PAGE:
My earliest memory of Wuthering Heights was when I tried to take a copy of it out at the school library but was prevented from doing so because it was believed I was too young to understand Emily Brontë’s novel. Believing myself to be rather precocious, I found a way of getting hold of it anyway (I hadn’t heard of Project Gutenberg back then), but one does not need to have read it, in whole or in part, to get one’s head around the plotline of this version of the story.
It takes a little while to get used to it all – everyone’s dressed in white, the housekeeper Nelly (Susannah Greenow) as well as her employer Hindley (Oscar George Copper), the central character Cathy (Emma Torrens) as well as her love interests Edgar (Joseph Folley) and Heathcliff (Samuel Terry). Having suspended disbelief (I kept a straight face at not having period costumes, but struggled to do so at the sight of plastic water bottles, this show being set in the early nineteenth century), there were times when the performance started to feel like a play with songs rather than a musical, such was the extent of spoken word scenes between musical numbers.
But when these characters do sing, to borrow an advertising strapline from a popular beverage, good things come to those who wait. The harmonies are easy on the ear, and while this isn’t, for the most part, a musical with much choreography – Cathy seems to spend more time lying down than dancing – the solo numbers are a delight, even when expressing feelings and emotions of sorrow, pain and despair. Hindley’s love of alcohol is portrayed well, as is his penchant for gambling; the latter works in Heathcliff’s favour. The former is a moment of comic relief, with Copper’s Hindley parading around energetically.
Keeping the focus on a small number of characters works here, though there is something odd about the entire set of characters that feature in the second half of the novel being excised completely, not even put into some kind of epilogue. The previous eight Fringe shows I’d seen before this one were either stand up comedy sets or comedy plays, so the pathos in this one took some (re)adjustment – the tragedy of the Brontë novel is depicted quite admirably here.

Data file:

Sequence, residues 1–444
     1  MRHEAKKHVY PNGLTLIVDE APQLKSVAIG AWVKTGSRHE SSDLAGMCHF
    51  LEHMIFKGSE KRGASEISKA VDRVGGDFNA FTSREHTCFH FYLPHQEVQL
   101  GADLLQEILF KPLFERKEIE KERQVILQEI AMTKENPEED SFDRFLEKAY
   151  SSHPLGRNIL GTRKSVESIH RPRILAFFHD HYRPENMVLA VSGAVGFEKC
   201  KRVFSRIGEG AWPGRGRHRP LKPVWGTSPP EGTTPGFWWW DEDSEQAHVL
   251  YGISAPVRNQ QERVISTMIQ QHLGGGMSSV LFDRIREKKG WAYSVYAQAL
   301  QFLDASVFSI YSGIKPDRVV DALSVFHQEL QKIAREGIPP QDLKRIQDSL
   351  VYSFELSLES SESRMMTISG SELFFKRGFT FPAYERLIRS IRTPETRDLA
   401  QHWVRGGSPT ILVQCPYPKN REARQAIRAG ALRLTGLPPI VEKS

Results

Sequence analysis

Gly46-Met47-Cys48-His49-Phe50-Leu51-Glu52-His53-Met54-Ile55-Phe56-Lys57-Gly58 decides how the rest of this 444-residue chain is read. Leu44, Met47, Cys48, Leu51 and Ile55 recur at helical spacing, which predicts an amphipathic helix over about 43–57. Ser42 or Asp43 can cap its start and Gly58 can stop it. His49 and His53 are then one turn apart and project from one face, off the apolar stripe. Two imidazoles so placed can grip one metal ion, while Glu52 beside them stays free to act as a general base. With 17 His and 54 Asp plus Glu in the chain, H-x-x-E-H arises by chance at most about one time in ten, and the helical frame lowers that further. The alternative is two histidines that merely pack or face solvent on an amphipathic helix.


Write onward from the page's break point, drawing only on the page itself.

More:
Emma Torrens’ Cathy remains compelling to the end, even as the character becomes increasingly dislikeable. Straight after the performance I attended, Torrens was presented with the Derek Award for Best Voice – I’m not aware of who the other nominees were or who was on the judging panel but I thought she was a worthy winner, with a beautiful soprano voice that filled the theatre space gloriously. It’s not always an easy watch, particularly as Heathcliff’s earnest pleading in the novel is retained in this production: “…you said I killed you – haunt me, then! […] Be with me always – take any form – drive me mad!”
It comes within a hair’s breadth of melodrama on occasion, but it is nonetheless a passionate and heartfelt production.
Review by Chris Omaweng
This new musical by Michael Bascom tells the story of Heathcliff and Cathy, two lovers almost psychically bound to each other but continually thwarted by family, society, and God.
Heathcliff has just returned to Wuthering Heights after mysteriously disappearing for several years having made his wealth, but Cathy is now bound by other circumstances.
The sun shines over the moors, but inside the storm of vengeance is brewing. In a retelling of Emily Bronte’s classic, this new musical tells the story of a passion which transcends life – and death –
Composer/MD – Michael Bascom
Hindley/Director – Oscar George Copper
Cathy – Emma Torrens
Edgar – Joseph Folley
Nelly – Susannah Greenow
Heathcliff – Samuel Terry
theSpace @ Venue 45, 63 Jeffrey Street, EH1 1DH
Until 24 August 2019
22:25 (1 hour 15 minutes)